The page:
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Update: Court finds transformative nature of alleged infringing work can’t be decided by side-by-side comparison

Mike Nepple August 10, 2017

Adding an Instagram border and a few “gobbledygook” notations to an original photograph is not transformative as a matter of law. In an update to our post on a case filed last year, a federal court in New York recently denied appropriation artist Richard Prince’s motion to dismiss Donald Graham’s copyright infringement lawsuit. Graham sued Prince for infringement, claiming Prince copied his photograph, “Rastafarian Smoking a Joint,” in order to create Prince’s work, “Untitled (Portrait).”


“Rastafarian Smoking a Joint, Jamaica” and Prince's Instagram-inspired work

In his motion, Prince suggested the court could determine the transformative nature of “Untitled (Portrait)” as a matter of law by performing a side-by-side comparison with “Rastafarian Smoking a Joint.” According to Prince, once the court made that determination, it would compel a finding that the other fair use factors also weighed in his favor.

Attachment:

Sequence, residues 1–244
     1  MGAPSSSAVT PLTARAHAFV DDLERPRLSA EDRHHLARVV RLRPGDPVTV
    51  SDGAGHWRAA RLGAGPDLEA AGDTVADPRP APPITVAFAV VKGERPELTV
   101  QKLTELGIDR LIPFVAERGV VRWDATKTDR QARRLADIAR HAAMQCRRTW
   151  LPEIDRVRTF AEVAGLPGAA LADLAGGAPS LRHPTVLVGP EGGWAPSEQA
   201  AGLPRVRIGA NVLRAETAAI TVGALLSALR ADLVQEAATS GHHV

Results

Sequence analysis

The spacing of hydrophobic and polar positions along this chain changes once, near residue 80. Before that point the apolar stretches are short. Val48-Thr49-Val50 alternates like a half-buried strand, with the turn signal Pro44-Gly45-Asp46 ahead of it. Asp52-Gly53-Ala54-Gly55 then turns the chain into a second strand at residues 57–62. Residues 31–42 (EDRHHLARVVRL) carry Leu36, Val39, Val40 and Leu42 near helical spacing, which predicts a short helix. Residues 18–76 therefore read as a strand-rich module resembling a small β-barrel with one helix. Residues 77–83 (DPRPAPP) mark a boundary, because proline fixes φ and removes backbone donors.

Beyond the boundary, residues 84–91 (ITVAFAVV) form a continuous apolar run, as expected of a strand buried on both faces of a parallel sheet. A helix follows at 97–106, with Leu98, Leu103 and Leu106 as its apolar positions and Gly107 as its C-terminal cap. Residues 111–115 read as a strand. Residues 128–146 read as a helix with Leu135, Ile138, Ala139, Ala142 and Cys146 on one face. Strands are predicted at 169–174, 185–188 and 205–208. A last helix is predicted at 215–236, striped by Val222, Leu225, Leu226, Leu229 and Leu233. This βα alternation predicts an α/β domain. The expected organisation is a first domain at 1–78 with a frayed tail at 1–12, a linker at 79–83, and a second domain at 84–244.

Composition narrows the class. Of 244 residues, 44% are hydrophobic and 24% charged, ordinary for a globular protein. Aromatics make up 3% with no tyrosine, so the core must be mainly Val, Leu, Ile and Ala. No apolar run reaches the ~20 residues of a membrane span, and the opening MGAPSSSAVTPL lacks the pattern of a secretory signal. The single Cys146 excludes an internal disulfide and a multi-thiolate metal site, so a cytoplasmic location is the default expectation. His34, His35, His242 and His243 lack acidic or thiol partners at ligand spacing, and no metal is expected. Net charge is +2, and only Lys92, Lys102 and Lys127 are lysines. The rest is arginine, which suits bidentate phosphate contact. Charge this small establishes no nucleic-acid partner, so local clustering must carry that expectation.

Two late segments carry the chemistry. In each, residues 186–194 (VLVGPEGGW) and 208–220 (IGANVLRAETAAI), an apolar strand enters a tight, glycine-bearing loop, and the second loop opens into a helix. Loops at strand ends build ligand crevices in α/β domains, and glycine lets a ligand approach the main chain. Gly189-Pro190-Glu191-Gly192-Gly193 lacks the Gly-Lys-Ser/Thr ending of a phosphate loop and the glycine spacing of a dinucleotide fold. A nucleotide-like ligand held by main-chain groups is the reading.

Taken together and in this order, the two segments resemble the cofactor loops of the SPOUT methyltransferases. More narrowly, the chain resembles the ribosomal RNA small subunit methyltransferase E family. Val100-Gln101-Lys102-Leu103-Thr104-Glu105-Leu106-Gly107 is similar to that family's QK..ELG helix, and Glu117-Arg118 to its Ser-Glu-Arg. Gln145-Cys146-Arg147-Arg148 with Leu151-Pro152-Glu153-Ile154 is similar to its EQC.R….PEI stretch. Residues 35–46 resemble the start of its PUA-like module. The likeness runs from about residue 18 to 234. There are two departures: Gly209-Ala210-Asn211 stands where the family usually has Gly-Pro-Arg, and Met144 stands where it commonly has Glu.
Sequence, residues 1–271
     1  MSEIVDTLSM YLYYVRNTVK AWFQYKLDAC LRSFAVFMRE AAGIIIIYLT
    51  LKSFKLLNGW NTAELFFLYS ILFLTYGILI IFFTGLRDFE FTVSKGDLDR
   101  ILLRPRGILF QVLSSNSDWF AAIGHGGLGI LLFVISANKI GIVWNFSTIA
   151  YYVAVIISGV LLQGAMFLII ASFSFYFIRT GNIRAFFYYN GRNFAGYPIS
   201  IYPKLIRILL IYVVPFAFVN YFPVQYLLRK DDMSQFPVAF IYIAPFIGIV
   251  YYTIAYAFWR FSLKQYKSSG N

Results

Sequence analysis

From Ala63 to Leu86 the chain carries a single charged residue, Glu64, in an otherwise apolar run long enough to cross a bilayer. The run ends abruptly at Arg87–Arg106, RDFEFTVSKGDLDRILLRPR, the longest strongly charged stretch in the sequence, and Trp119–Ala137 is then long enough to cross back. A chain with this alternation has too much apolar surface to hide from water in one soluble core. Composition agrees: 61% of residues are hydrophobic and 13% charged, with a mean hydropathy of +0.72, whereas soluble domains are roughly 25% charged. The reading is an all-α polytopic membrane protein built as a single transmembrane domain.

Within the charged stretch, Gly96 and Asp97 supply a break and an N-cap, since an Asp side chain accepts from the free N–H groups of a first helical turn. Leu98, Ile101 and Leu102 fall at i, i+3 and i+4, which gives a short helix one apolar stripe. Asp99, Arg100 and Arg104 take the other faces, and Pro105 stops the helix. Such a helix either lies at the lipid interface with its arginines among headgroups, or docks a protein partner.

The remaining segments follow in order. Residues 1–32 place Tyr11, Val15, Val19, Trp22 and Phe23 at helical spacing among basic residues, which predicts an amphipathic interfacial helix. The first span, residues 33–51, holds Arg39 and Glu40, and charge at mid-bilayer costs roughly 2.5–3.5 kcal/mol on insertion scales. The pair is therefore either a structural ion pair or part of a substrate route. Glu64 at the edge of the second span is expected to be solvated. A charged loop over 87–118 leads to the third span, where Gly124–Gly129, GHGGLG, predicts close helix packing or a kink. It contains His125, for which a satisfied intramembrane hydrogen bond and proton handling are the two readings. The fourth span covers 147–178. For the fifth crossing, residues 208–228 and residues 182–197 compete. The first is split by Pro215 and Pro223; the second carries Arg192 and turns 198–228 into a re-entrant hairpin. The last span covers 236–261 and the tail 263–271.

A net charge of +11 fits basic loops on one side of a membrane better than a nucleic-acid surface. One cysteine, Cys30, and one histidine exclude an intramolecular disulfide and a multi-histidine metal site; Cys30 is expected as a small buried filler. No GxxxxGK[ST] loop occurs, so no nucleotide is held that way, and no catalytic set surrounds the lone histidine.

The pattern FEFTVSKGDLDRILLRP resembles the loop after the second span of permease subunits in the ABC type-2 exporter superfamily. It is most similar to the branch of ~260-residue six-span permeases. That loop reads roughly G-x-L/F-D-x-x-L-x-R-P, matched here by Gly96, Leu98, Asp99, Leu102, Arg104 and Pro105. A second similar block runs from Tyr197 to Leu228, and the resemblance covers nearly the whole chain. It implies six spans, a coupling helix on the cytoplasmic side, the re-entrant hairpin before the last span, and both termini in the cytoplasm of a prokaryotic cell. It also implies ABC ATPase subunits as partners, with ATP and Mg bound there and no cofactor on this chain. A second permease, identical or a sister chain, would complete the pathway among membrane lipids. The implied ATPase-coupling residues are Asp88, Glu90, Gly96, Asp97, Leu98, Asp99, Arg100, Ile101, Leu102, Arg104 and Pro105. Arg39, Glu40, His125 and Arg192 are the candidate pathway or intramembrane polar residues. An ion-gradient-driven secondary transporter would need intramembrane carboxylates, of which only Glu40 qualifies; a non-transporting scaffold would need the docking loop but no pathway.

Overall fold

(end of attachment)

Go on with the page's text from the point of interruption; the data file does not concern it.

Judge Sidney Stein however determined that “because Prince’s Untitled does not make any substantial aesthetic alterations to Graham’s Rastafarian Smoking a Joint, a simple side-by-side comparison of the two works is insufficient” to make the transformative determination. The court invited readers of his opinion to perform their own comparison and note that Prince did not alter Graham’s original photograph or its composition, presentation, scale, color palette, or media. 

Because he could not make the transformative determination, Judge Stein found the remaining Section 107 fair use factors either could not be fully evaluated in the absence of fact discovery (Factors 3 and 4 - amount and substantiality, and effect on potential market), or actually favored Graham (Factor 2 - nature of work).

Judge Stein also denied Prince’s alternative request to convert the dismissal motion into a motion for summary judgment because “discovery will be necessary to uncover evidence about the purposes and circumstances under which each of the allegedly infringing works were created, to ascertain whether certain of the works were commercial in nature, and to identify the markets for Graham’s and Prince’s works.”

In the absence of a settlement, the case will now proceed through the usual fact discovery process. Judge Stein’s opinion is another reminder the fair use defense is often best decided on a full evidentiary record.

Mike Nepple is a partner in Thompson Coburn's Intellectual Property group.